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Masked Booby - BirdForum Opus

Adult, Nominate race
Photo © by Steve
Caribbean, 28 December 2007
Sula dactylatra


Adult with chick, S. d. tasmani
Photo © by OzV
Phillip Island, Norfolk Island, Australia, 30 September 2005

L. 81 cm (32 in)
Ws. 158 cm (62 in)
Adult Masked Booby shows a white body, black tail, and black on wings that is limited to flight feathers (as seen from above and below) and the greater coverts on the upperside of the wing. Bill is yellow surrounded by black facial skin producing the mask. Legs vary from yellow to olive to dark grey depending on subspecies.
Immatures have brown upper body with brown head, similar to molting young Northern Gannets, but have a pale collar and white rump. Underside is white with black flight feathers and a dark bar in the middle of the underwing coverts. Bill is dusky and feet are grayish.


This species is found in the Caribbean, the Atlantic Ocean, the Indian Ocean, and parts of the Pacific Ocean as well as around the northern parts of Australia; mostly or exclusively tropical in its range.

A rare and local year round resident in the West Indies with a total breeding population estimated to between 500 and 1700 pairs. In the Caribbean, known breeding areas are southern Bahamas (probably not the last 100 years), Jamaica, Puerto Rico, Virgin Islands, Anguilla, Redonda in Antigua, and among the Grenadines; very rare elsewhere in the West Indies.


Immature S. d. personata
Photo © by Joseph Morlan
Philippine Sea off Minamidaitojima Island, Okinawa Prefecture, Japan, 5 September 2019

Previously, the Nazca Booby (Sula granti) was considered a race of the Masked Booby.


Four subspecies are recognized[1]:

  • S. d. dactylatra is found in the Caribbean and the south-west Atlantic Ocean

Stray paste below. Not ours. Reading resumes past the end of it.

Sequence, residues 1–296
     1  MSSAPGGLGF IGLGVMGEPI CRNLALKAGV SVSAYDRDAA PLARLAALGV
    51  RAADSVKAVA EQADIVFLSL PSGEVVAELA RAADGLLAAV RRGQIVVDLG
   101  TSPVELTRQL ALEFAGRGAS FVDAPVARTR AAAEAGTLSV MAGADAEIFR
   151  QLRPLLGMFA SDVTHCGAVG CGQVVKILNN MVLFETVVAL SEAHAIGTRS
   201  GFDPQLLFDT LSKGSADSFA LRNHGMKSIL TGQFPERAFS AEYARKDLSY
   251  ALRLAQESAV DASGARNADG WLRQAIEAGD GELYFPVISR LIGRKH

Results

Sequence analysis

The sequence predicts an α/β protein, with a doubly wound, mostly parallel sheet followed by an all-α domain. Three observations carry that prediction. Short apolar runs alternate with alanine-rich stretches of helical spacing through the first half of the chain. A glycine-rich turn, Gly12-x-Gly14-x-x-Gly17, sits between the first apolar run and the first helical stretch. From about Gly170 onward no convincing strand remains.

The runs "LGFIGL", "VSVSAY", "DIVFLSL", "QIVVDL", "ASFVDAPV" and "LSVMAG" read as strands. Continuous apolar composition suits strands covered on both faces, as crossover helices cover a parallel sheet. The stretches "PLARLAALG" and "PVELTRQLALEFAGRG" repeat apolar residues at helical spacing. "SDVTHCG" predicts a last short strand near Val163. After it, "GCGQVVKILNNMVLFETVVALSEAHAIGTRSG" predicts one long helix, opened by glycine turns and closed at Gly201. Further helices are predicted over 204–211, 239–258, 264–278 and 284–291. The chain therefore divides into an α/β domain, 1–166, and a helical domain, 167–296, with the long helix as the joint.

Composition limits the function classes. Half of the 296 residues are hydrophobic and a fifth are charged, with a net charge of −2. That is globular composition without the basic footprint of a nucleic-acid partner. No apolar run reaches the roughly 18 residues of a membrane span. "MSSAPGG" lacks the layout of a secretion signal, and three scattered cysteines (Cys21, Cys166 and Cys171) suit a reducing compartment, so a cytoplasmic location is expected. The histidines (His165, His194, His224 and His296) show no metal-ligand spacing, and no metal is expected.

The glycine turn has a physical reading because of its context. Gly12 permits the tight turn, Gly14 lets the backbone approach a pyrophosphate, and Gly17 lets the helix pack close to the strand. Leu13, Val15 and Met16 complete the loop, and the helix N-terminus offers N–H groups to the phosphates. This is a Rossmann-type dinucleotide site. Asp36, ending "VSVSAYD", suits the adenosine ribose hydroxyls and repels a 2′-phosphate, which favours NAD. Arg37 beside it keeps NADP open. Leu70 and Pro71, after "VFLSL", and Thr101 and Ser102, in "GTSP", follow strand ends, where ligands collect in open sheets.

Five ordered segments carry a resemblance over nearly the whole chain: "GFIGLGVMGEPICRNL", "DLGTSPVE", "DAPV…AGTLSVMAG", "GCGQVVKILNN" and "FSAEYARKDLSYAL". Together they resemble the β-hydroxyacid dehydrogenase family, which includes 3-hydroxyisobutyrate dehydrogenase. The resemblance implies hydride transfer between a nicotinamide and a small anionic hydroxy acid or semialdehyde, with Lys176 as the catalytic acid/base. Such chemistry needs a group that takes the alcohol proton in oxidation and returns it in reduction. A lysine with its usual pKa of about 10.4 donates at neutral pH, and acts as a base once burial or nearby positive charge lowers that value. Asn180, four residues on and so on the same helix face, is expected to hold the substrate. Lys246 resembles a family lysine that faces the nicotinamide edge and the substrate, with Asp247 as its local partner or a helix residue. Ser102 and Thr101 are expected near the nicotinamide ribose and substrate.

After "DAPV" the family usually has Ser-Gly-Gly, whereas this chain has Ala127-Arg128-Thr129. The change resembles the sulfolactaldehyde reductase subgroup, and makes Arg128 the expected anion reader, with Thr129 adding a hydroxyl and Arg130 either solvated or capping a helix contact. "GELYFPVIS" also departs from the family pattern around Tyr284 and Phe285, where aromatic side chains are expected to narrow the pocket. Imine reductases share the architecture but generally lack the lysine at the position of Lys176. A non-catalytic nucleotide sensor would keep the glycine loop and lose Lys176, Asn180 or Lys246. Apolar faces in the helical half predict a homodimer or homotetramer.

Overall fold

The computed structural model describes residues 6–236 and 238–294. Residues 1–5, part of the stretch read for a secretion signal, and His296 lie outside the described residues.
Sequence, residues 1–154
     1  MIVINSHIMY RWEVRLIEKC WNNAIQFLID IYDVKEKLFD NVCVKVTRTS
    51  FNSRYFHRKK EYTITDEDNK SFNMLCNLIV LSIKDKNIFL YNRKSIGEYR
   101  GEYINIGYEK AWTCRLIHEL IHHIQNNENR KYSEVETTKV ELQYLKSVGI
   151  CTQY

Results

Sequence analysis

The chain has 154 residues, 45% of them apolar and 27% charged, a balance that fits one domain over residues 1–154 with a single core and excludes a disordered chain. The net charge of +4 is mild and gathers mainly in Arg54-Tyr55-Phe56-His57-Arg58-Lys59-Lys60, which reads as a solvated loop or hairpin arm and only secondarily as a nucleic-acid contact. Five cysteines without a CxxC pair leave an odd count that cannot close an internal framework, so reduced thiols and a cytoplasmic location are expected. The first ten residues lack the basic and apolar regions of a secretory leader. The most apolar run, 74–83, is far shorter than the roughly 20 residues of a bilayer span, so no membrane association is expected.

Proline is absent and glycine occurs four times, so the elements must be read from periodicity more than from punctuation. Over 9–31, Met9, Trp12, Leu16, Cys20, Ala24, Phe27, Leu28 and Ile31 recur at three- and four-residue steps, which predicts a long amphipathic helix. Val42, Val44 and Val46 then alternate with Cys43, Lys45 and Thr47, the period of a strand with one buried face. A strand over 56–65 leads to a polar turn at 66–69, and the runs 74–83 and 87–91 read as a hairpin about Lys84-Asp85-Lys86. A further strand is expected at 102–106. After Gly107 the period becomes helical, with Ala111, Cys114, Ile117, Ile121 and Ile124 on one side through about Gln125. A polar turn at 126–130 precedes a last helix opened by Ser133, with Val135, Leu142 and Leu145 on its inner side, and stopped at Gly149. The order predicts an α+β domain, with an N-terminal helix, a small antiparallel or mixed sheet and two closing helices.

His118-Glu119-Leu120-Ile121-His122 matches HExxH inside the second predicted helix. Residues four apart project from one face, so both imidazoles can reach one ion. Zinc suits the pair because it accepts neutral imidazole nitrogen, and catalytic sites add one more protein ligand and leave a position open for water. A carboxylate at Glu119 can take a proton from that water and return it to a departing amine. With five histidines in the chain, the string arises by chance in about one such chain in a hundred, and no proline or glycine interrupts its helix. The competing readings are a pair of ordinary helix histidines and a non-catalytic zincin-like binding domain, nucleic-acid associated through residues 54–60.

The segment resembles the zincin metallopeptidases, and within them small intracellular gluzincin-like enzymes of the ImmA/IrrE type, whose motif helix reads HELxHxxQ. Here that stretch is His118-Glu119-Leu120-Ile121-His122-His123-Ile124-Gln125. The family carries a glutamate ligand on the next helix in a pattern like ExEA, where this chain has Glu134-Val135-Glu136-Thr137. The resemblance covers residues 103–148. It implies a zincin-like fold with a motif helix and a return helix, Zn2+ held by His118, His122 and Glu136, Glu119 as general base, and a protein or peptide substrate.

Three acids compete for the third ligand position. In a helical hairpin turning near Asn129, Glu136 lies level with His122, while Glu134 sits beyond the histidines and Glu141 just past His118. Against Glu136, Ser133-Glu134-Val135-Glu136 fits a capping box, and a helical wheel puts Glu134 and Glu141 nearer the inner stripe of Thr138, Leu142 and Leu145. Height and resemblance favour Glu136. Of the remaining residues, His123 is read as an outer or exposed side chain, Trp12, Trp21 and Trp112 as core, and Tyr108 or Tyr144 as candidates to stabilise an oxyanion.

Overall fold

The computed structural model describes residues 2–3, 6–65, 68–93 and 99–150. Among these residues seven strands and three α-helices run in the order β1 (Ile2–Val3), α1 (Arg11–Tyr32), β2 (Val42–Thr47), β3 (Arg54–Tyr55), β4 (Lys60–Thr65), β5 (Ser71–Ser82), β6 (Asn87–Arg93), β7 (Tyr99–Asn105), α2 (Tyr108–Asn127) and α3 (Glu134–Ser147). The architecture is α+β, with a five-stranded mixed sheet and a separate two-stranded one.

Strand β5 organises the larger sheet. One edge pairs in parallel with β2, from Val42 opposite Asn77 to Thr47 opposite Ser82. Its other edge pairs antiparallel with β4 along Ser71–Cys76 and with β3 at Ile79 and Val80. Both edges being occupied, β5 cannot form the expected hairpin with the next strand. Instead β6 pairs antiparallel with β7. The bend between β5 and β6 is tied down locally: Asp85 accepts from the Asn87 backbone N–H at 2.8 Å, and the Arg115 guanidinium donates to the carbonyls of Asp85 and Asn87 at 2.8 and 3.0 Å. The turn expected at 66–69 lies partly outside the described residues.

• S. d. melanops is found in the western Indian Ocean
  • S. d. personata in the central and western Pacific
  • S. d. tasmani in the northern Tasman Sea.





Includes fish


It nests mostly on flat terrain including scrapes in sand and 2 eggs are laid. Colonial nesting on islands and cays is the rule.


Silent at sea. At breeding colony has reedy whistling greeting call.


Most adults remain within vicinity of colonies. However, young birds and some adults may wander considerable distances.


  1. Clements, J. F., T. S. Schulenberg, M. J. Iliff, S. M. Billerman, T. A. Fredericks, B. L. Sullivan, and C. L. Wood. 2019. The eBird/Clements Checklist of Birds of the World: v2019. Downloaded from http://www.birds.cornell.edu/clementschecklist/download/
  2. Abstract of the paper reporting identity of Tasman Booby with subspecies fullagari.
  3. Howell & Webb, 1995. A guide to the birds of Mexico and northern Central America. Oxford University Press. ISBN 0198540124
  4. Pizzey, G. & Knight, F. 1997. Birds of Australia (Collins Field Guide). HarperCollins Publishers, London. ISBN 0-00-220132-1
  5. Raffaele et al. 1998. Birds of the West Indies. Christopher Helm, London. ISBN 0713649054
  6. Brazil, M. (1991). The Birds of Japan. Smithsonian Inst. Press. Washington, D.C. ISBN 1-56098-030-3
  7. Brazil, M. (2018). Birds of Japan. Helm, London. ISBN 978-1-4729-1386-9
  8. Carboneras, C., Christie, D.A., Jutglar, F., Garcia, E.F.J. & Kirwan, G.M. (2019). Masked Booby (Sula dactylatra). In: del Hoyo, J., Elliott, A., Sargatal, J., Christie, D.A. & de Juana, E. (eds.). Handbook of the Birds of the World Alive. Lynx Edicions, Barcelona. (retrieved from https://www.hbw.com/node/52623 on 5 October 2019).
  9. Marchant, S. & Higgins, P.J. (co-ordinating editors) 1990. Handbook of Australian, New Zealand & Antarctic Birds. Volume 1, Ratites to ducks; Part B, Australian pelican to ducks. Melbourne, Oxford University Press. Pages 737, 748, 763-772; plates 56 & 58.
  10. Dutson, G. (2011) Birds of Melanesia, Christopher Helm, London.

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